The evaporator coils in a central air conditioner are one of the last, but most important stops in the cooling process. Liquid refrigerant passes from the condensing unit outside your home and into the evaporator coils in the air handler. The evaporator coils turn the refrigerant back into a gas and, in the process, the coils become cold. Cycling warm air, passing through from your home via a blower fan, passes over the coils and becomes colder, then passes back out into your home.
Problems with the evaporator coils are a common reason for the sudden loss of air conditioner efficiency. If your unit has recently stopped cooling as effectively or stopped cooling completely, a check of the evaporator coils is in order. You can perform the basic checks and maintenance by yourself, but call in an HVAC technician for assistance for the more complicated tasks.
Here are a few of the common causes of malfunctioning evaporator coils and how you can spot and fix the problems.
Malfunctioning evaporator coils could simply be dirty. Surface dirt interferes with the chemical reaction and can leave the coils less cold than required to cool your home. Dirty coils are one of the easiest problems to fix if you know how to access your evaporator coils or have your owner's manual to help you find the coils.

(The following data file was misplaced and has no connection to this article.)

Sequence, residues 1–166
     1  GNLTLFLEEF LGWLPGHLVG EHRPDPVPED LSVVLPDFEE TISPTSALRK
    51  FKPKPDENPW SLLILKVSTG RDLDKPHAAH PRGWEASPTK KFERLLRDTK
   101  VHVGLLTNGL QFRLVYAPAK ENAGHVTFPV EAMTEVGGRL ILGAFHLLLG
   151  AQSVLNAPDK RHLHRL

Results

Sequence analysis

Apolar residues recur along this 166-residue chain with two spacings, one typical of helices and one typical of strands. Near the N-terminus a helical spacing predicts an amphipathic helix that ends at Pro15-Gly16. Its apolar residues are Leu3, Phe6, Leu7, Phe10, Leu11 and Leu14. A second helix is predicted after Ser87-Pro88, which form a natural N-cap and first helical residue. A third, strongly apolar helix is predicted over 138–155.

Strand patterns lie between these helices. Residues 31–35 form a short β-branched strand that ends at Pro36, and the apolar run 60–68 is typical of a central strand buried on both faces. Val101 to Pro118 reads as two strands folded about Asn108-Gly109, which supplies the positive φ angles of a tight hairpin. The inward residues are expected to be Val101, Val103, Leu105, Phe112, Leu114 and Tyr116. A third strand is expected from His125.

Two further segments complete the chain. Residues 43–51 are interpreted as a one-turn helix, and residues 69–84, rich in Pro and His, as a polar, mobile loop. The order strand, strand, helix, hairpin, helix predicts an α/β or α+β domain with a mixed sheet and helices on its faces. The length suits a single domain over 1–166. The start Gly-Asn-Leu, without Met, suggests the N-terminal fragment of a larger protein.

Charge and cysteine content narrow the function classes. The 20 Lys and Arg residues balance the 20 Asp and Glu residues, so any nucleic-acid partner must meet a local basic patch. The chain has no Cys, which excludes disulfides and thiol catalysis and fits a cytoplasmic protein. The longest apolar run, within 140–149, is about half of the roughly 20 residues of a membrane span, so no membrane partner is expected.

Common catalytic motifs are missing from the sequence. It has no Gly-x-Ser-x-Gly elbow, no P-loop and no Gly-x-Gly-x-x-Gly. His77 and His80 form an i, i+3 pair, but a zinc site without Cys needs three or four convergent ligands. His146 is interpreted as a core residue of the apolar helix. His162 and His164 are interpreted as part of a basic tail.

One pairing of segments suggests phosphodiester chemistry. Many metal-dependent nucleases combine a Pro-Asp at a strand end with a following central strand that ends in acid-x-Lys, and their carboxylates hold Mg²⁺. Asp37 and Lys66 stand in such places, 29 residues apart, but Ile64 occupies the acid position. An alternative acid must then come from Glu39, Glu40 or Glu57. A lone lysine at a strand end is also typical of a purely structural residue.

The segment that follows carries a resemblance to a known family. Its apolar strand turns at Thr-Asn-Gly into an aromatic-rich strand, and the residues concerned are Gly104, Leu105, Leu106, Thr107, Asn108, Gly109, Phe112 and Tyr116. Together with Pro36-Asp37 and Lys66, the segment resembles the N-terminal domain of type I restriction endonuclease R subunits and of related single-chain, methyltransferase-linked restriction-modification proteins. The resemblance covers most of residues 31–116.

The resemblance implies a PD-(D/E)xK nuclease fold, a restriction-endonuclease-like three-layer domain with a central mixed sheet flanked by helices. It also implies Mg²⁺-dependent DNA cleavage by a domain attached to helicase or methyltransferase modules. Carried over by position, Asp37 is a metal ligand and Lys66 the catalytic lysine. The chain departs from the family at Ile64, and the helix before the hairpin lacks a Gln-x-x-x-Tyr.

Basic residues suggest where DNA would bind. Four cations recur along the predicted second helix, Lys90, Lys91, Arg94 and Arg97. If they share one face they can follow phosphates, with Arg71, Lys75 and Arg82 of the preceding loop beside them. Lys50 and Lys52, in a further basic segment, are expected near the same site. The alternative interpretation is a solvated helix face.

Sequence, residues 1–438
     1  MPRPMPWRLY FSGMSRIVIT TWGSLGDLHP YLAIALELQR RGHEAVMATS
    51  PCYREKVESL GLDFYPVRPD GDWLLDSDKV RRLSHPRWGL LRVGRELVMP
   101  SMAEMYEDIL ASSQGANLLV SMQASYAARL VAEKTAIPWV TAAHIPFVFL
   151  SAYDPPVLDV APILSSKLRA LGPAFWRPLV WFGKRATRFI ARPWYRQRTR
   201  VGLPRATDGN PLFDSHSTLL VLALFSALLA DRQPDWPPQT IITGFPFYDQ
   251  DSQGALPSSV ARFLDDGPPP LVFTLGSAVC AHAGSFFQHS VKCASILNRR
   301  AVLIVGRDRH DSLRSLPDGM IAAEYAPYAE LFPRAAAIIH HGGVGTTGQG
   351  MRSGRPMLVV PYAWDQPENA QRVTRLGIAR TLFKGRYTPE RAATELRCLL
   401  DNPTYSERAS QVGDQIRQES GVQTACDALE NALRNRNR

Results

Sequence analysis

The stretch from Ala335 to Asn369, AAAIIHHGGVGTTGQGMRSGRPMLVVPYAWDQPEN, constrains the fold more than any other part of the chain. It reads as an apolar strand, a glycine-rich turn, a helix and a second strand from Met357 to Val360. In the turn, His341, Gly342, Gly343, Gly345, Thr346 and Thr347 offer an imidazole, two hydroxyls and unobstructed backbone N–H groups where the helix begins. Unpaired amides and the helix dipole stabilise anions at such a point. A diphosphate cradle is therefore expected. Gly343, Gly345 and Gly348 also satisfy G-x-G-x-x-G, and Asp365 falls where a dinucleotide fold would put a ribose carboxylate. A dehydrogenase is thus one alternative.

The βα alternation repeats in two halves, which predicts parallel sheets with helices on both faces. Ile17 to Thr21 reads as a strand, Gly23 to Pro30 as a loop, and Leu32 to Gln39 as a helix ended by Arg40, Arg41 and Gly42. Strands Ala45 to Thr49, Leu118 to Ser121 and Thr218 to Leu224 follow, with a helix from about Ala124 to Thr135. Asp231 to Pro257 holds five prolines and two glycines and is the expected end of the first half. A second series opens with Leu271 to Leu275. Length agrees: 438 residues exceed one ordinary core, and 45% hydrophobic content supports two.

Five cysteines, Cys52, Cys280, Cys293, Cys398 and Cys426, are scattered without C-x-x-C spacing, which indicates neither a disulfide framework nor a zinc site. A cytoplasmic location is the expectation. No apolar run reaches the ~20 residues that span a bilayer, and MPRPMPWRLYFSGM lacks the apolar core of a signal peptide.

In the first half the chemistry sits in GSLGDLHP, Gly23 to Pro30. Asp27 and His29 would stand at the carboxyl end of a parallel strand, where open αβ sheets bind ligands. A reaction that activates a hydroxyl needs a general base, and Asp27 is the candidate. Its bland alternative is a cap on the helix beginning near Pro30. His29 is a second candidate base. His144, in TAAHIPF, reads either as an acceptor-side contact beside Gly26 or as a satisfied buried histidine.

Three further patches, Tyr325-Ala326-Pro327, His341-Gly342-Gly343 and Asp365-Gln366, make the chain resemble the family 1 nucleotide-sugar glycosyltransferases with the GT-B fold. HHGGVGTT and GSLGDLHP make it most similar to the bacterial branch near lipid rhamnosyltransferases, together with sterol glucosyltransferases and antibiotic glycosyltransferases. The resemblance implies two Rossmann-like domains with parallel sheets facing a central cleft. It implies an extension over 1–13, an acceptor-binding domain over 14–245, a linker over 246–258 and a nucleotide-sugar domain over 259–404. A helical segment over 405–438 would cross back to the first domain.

Turn off all electricity to the unit before working, and remove the rear panel to gain access to the coils. Apply a no-rinse foam cleanser to the coils, making sure to follow the package directions on both application and required setting time. Once enough time has passed, you can check the coils to see if the cleaner did its job.
If there's a bit more surface dirt, you can gently try to scrape it away using a stiff cleaning brush. Dirt that refuses to come off might need a professional cleaning, or the coils might need to be replaced, so call in an HVAC tech for help.
Bent or Broken Coils
When you examine your coils, if you see a section of coils that are bent or broken, you should abandon the project immediately and call in an HVAC tech. Bent coils will need to be replaced by a professional. Broken or cracked coils could be leaking refrigerant, which is a potentially hazardous chemical when not handled properly.
Leave the power off to your unit until the tech comes so that more refrigerant doesn't cycle through and become stuck behind a bend or leak through a crack.
Do the coils look perfectly fine upon inspection? Are you sure the compressor pump is firing up in the condensing unit and the fan in that unit is operating? Is the fan operating in the air handler? If everything else looks find, you might simply be low on refrigerant. HVAC techs are typically the only people legally allowed to purchase and administer refrigerant, so this is another job to leave to the pros.
For more information and tips, contact a local HVAC company like Hudson Hdwe Plumbing & Heating Inc.Share